I tell this story not because I got free chocolate, but because it illustrates how kind and thoughtful my coworkers have been in the time that I have worked here. It puts my last job in stark contrast, where no one liked or respected each other, and we only did nice things for each other at Christmas. Even that was a competition, with people trying to show off by giving bigger and better things.

I knew before I left that I was unhappy in a job that didn’t value me or my skills, but also that I didn’t think my department was very nice. It turns out I was right. I have loved working at a job where my skills are valued and people are kind and giving. It has made a difference not only in my professional life, but in my personal life as well.

* The title of the post comes from the inside of one of the Dove chocolates that she gave me. The other chocolate told me that I was worth it. I guess I am.


By Any and All Names

When I was in college, I spent a summer in the Dominican Republic. I was introduced to a fruit I had never seen before. I loved it. It was made into juice, mostly, and its flavor was distinct and lovely, provided enough sugar was added. Like you would for lemons in lemonade.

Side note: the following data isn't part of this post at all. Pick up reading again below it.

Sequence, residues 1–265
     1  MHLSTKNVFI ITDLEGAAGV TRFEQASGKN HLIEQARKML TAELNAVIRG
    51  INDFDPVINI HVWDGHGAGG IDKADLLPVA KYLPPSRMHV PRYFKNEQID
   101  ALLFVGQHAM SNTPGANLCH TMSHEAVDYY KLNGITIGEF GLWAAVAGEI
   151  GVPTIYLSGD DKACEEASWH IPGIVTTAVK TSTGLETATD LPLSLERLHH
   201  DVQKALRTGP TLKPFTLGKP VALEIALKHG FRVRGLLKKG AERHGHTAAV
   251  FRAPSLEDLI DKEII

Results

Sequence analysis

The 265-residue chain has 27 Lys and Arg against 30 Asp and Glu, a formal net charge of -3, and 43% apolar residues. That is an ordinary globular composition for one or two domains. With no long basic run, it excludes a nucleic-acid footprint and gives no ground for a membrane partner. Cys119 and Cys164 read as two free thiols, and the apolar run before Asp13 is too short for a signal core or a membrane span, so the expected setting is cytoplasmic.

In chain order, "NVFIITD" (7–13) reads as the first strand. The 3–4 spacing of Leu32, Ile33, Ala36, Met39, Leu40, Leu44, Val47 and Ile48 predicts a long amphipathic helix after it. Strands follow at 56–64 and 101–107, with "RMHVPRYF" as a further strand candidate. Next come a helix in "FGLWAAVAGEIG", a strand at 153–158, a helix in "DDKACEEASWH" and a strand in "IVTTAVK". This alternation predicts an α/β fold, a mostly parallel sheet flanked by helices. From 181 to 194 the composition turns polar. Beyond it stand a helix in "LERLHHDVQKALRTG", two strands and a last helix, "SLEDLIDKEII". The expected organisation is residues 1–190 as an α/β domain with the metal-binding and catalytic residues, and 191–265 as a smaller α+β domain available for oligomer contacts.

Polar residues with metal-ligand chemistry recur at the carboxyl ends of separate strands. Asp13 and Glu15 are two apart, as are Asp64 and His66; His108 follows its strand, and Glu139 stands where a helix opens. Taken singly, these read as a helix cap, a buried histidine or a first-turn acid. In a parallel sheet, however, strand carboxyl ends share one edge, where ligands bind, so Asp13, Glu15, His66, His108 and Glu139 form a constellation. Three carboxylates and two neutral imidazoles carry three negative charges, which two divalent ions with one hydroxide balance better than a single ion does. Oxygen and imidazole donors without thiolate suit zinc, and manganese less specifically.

In the Dominican Republic they called it chinola. Armed only with that word, I went back to the US to see if I could find it. No luck. My thought was that some cans of vegetables were bilingual, maybe I could find the fruit that way. I discovered later that year that chinola was what Dominicans called it. One of my classmates told me that in Mexico it was maracuyá. But I couldn’t find any under that name either.

The fruit:

markisa

Source here.

One day, as I was standing in the juice aisle at Kroger, I found a picture of it on a container marked “Passion Fruit Cocktail.” For $2.80, I figured it was a minimal investment, even if it was wrong. It turned out to be the exact fruit I had loved. I bought it every time I went to the grocery store until they stopped carrying it. For a while I bought a Snapple Passion Fruit something or another that had peach in it. It was okay, but the passion fruit flavor was a little hidden by the other stuff in it.

When I moved to Indonesia in 2012, I noticed that they had one other of the fruits I’d learned about while summering in the Caribbean: guanábana. So maybe they have passion fruit too, I thought. I found it at a few restaurants in Jakarta, but only mixed with mango and so much sugar it didn’t really taste like fruit juice at all: just Kool-Aid. And oddly, listed as passion fruit, which made me wonder if it was import only, since they didn’t have a Bahasa word for it. I was sad that they didn’t seem to have passion fruit juice, but then South Africa came to the rescue. A company called Dewlands exports juice, including passion fruit. Victory!